American Airlines (NASDAQ:AAL) hasn’t had a great couple months, but I believe there’s reason to take a closer look at AAL stock.
As American deaths from the coronavirus tragically rise and many in the media seek to make the news about the virus as negative as possible, it’s easy to believe that the world will have trouble emerging anytime soon from a near-apocalyptic situation.
But recent developments leave me hopeful that much of the world will, sooner than later, return to living near-normal lives. Those developments, along with the government’s bailout of the airlines, leave me upbeat on all of the shares of America’s airlines.
Positive Developments and AAL Stock
For many weeks, I’ve been writing that data showed that the coronavirus was spreading very slowly in warm countries. As a result, I theorized that the spread of the virus would greatly slow when the weather gets warmer in the U.S. and Europe.
But until very recently, most of the media cast doubt on that view, and the federal government’s top experts did not confirm it.
That’s changed recently, as the government’s top infectious disease expert, Dr. Anthony Fauci, has started to tentatively admit that the coronavirus will indeed spread much more slowly in the warm weather. Meanwhile, perhaps not coincidentally, Fauci and the other top expert coordinating the government’s response, Dr. Deborah Birx, by the end of March were projecting much lower fatality totals than at least one prominent estimate that was made earlier in the month.
Specifically, as of March 30, Fauci and Birx estimated that, if the current mass closure strategy continues, 80,000 to 200,000 Americans would die from coronavirus. That is a high number of fatalities. But, at the midpoint, it’s well over 50% below the 475,000 Americans that, on March 12, The New York Times estimated could die, even if mass closures were instituted.
Also worth noting is that the bottom end of the government’s estimate range is 80,000, while about the same number of Americans died from flu during the 2017-2018 flu season.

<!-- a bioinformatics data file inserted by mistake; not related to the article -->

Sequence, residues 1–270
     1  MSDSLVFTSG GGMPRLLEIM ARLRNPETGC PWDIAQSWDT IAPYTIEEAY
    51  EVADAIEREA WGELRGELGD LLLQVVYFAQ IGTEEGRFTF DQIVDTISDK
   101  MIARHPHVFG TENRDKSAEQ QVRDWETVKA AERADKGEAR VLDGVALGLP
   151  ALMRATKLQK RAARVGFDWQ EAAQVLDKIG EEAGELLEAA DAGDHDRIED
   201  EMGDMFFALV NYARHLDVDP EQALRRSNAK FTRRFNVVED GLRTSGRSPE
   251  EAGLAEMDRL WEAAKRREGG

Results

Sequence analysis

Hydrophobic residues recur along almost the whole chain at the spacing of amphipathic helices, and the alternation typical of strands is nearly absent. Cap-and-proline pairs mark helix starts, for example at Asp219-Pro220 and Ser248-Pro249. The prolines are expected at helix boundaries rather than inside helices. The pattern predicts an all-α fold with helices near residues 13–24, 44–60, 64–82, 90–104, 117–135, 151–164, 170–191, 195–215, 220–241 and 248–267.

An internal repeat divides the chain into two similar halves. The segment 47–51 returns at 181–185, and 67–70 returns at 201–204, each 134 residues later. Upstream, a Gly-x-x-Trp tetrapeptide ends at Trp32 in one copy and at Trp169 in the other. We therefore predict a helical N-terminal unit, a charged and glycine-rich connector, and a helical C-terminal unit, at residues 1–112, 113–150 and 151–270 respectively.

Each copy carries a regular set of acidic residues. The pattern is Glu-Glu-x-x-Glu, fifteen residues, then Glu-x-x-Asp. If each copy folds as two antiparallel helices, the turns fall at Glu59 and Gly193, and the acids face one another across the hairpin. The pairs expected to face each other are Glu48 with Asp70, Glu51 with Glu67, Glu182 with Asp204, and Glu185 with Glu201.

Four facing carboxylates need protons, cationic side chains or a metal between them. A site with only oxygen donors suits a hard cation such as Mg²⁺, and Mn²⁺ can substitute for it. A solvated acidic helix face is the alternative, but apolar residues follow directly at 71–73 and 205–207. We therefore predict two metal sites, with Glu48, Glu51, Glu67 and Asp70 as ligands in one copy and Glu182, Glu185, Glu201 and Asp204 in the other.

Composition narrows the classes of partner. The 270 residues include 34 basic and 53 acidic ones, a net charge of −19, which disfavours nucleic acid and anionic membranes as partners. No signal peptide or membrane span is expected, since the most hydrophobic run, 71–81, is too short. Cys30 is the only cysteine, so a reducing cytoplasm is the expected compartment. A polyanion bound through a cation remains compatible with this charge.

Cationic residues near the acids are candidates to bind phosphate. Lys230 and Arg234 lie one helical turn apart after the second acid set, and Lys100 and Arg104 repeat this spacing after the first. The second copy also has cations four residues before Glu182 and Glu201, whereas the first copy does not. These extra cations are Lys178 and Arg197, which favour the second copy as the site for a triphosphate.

Meanwhile, the White House and experts now estimate that coronavirus’ spread will peak in the U.S. in the second week of April, not far off from my previous estimate of the first week of April. And some analysts recently predicted that, sometime around June, antibody tests will likely clear 60% of the American workforce to return to their jobs.
The Implications for American Airlines
In my previous article on American Airlines, I wrote that “the stock could become attractive around the beginning of April, ahead of the likely lifting of travel restrictions and the deceleration of the coronavirus.”
I also advised investors to wait until Congress had approved a bailout for the airlines before buying the shares, and I contended that “by mid-May, as the weather really heats up, fears of air travel are also likely to ease.”
After the recent developments I outlined above, I largely stand by my previous views. The experts now believe that the U.S. will not have many hundreds of thousands of fatalities. Such a large number of fatalities, in my opinion, would have left a real, permanent scar on the nation and could have crippled demand for flying for many years to come.
Further, the experts now also apparently think that the virus’ spread will start decelerating in mid-April and that its spread will continue to decline as the weather warms. Finally, the antibody test will help ease many Americans’ fears of the disease in general and flying in particular. Given these points, I continue to believe that air travel will begin to rebound meaningfully at some point in May before accelerating greatly in June.
Finally, I believe that American Airlines and other airlines can ease the fear of flying by emphasizing, through advertisements, the strong filtration systems on airplanes and the extra cleaning that they will undoubtedly perform on their planes.
The Bottom Line on AAL Stock
I believe that the federal bailout will take bankruptcy off the table for American Airlines and its peers for at least the next six months. Clearly, Congress wanted to prevent the airlines from going under due to coronavirus, and the $60 billion it appropriated for that purpose, matching the sector’s request, is almost definitely enough money to accomplish that task.
Meanwhile, the temporary restrictions on dividends, stock buybacks, and executive pay shouldn’t weigh much on the shares of American Airlines and its peers. As the well-known expression goes, “profit is the mother’s milk of stocks,” and none of those restrictions should interfere with the companies’ profitability.
As a result, I expect AAL stock and the shares of the other U.S. airlines to lift off once the demand for flights starts surging in May, and I recommend buying the airlines’ shares at their current levels.
Larry Ramer has conducted research and written articles on U.S. stocks for 13 years. He has been employed by The Fly and Israel’s largest business newspaper, Globes. Larry began writing columns for InvestorPlace in 2015. Among his highly successful, contrarian picks have been GE, solar stocks and Snap. You can reach him on StockTwits at @larryramer. As of this writing, he did not hold a position in any of the aforementioned securities.